With that said, do you find it shocking that none of the artists from our scene have been listed on Billboard or top 40 charts?

No, I do not. It takes hard work to make it in this industry. South Asians are definitely making their mark and coming up in the game. It’s only a matter of time before we are listed on the top charts. As long as we keep working hard with a goal in mind to succeed, we’ll definitely get there. 

Are there any artists right now, who you honestly feel, have the potential to go mainstream?

Well it takes hard work, and I can’t speak for other artists. I know I have the ability, and it’s only a matter of time before I’m heard. 

What do you see as the biggest flaw in the urban South Asian music scene?

One of the biggest flaws I see in other South Asian Hip-Hop artists is the stereotypes and labels they place on themselves. I’ve heard from numerous artists claiming that its hard coming up because no one can look passed their ethnicity. They say people can’t take them seriously as a rapper and they only look at them as another Indian kid. In reality, these artists music is revolved around their ethnicity and race. They incorporate choruses sung in Hindi, and even give shout outs to all their “Punjabi’s, Gujarati’, etc.” How do they expect the general public to raise their hands and give props to Punjabi’s and Gujarati’s when they don’t even know anything about them or what they even are? Now I understand that these songs do appeal to a specific audience, but if you want to earn the attention of the general public, you need to learn how to create cross-over records that can appeal to ALL types of people.  

Now don’t get me wrong. I support the movement they are making 100%. I like the mixes and the different songs they are doin, and I definitely give them their props, but if that’s what your doin, then don’t complain about people not looking passed your ethnicity. How are they supposed to look passed your ethnicity when your music is in essence, about your ethnicity?  If that’s the music you want to get into then be proud of what you do and realize what kind of fan base you’re goin’ to attract. You’re not goin’ to get a bunch of white kids bouncing’ their shoulders with their hands in the air shoutin’ “Bale! Bale!” It just ain’t happenin’. 

Okay, now that we got the nitty-gritty done, time to get into what I’m sure all the female readers are waiting to read! Is there or isn’t there a lucky girl?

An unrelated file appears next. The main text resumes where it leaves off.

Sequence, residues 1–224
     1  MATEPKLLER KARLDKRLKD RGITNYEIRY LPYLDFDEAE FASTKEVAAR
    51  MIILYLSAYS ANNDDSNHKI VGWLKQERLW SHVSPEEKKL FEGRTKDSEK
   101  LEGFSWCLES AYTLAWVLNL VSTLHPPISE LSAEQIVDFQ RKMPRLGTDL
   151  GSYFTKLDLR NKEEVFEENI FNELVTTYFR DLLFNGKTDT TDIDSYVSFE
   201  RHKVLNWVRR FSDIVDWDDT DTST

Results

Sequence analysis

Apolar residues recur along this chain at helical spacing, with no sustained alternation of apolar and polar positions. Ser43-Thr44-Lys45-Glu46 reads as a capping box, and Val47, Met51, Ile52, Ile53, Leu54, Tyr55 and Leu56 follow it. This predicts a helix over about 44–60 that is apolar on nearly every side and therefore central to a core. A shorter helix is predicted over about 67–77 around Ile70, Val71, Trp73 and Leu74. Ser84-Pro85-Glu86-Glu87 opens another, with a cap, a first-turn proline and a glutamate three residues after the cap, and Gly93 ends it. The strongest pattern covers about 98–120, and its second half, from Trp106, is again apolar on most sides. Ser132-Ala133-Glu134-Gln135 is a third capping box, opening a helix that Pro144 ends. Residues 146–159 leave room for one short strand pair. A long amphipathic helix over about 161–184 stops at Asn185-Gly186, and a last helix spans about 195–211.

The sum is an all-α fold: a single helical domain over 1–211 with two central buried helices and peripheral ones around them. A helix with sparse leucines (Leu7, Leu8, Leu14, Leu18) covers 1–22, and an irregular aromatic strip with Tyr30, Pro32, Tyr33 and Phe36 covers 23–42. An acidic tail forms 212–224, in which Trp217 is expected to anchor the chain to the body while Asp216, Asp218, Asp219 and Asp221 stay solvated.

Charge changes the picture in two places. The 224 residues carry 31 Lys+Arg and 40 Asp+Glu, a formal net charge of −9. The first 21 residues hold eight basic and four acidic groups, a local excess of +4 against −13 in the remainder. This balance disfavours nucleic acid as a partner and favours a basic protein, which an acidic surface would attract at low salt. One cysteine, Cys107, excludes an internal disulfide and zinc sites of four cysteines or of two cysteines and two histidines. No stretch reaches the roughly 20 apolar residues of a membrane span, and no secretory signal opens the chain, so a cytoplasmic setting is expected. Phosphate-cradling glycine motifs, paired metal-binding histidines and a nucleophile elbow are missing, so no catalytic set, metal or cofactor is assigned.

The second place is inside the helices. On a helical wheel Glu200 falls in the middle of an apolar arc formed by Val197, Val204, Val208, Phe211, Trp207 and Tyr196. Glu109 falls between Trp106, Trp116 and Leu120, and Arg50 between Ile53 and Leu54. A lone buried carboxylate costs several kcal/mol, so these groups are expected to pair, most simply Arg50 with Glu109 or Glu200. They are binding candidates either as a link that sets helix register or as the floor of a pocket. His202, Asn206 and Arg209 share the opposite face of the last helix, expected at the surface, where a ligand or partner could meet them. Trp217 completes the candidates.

Well, I ain’t really the type to kiss and tell…All I can really say is I like to keep my private life, private. 

So Nikhil, when are you taking your cool interviewer out…for drinks that is?!

We might be able to work something out.


Alright, I’m going to hold you to that! So what’s the life of a rapper like when he’s not writing or recording?

Right now I’m in the process of finishing my undergraduate degree in Business Econ with a minor in Music. I have very little time between workin’ at a restaurant, school, studying for my LSAT’s, recording, and trying to establish and market our record label D.O.B. Entertainment. There ain’t enough hours in the day and days in a week. 

Why do you love music and rapping?

The reason I love makin’ music is ‘cause I feel like I got something to say that’s worth hearin’. I love to inspire and motivate other people to make better of themselves and that’s what I want my music to do. My favorite quote is ‘never let a day pass that you will have cause to say, I will do better tomorrow’ and I live by that every day. 

What advice do you have for those who want to pursue rapping?

 Keep it real all the way. Don’t try to be someone you’re not. And know that this ain’t a 9-5, you’re goin’ have to be on your grind 24/7. 

Nikhil! Thanks a lot for taking the time out to do this interview! Can we head on over to the bar and grab those drinks now?! Are there any final thoughts you’d like to leave for the readers?

I appreciate your time. Much respect and thanks for givin' me this opportunity. Make sure ya’ll check out my MySpace, www.myspace.com/ndatta Also look out for the mixtape release Real Talk comin’ early March!